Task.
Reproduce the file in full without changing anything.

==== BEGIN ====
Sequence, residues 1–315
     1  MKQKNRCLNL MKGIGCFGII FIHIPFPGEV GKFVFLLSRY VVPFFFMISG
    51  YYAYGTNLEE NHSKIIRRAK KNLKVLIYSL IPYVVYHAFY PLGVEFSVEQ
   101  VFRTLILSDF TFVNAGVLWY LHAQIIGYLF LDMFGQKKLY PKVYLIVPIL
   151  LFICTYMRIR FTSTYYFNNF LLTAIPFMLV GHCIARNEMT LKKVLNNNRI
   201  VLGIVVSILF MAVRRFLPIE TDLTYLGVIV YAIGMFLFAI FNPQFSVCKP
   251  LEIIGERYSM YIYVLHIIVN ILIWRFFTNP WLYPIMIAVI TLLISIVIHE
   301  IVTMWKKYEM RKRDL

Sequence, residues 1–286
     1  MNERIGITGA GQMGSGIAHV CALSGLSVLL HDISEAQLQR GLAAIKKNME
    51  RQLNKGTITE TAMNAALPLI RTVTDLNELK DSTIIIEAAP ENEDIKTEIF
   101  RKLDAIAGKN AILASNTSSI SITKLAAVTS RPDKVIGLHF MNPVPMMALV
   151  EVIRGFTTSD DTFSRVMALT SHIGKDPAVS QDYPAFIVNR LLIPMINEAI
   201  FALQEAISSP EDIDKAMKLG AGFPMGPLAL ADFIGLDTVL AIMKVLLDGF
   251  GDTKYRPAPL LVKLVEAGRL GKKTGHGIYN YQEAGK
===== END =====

Sequence, residues 1–315
     1  MKQKNRCLNL MKGIGCFGII FIHIPFPGEV GKFVFLLSRY VVPFFFMISG
    51  YYAYGTNLEE NHSKIIRRAK KNLKVLIYSL IPYVVYHAFY PLGVEFSVEQ
   101  VFRTLILSDF TFVNAGVLWY LHAQIIGYLF LDMFGQKKLY PKVYLIVPIL
   151  LFICTYMRIR FTSTYYFNNF LLTAIPFMLV GHCIARNEMT LKKVLNNNRI
   201  VLGIVVSILF MAVRRFLPIE TDLTYLGVIV YAIGMFLFAI FNPQFSVCKP
   251  LEIIGERYSM YIYVLHIIVN ILIWRFFTNP WLYPIMIAVI TLLISIVIHE
   301  IVTMWKKYEM RKRDL

Sequence, residues 1–286
     1  MNERIGITGA GQMGSGIAHV CALSGLSVLL HDISEAQLQR GLAAIKKNME
    51  RQLNKGTITE TAMNAALPLI RTVTDLNELK DSTIIIEAAP ENEDIKTEIF
   101  RKLDAIAGKN AILASNTSSI SITKLAAVTS RPDKVIGLHF MNPVPMMALV
   151  EVIRGFTTSD DTFSRVMALT SHIGKDPAVS QDYPAFIVNR LLIPMINEAI
   201  FALQEAISSP EDIDKAMKLG AGFPMGPLAL ADFIGLDTVL AIMKVLLDGF
   251  GDTKYRPAPL LVKLVEAGRL GKKTGHGIYN YQEAGK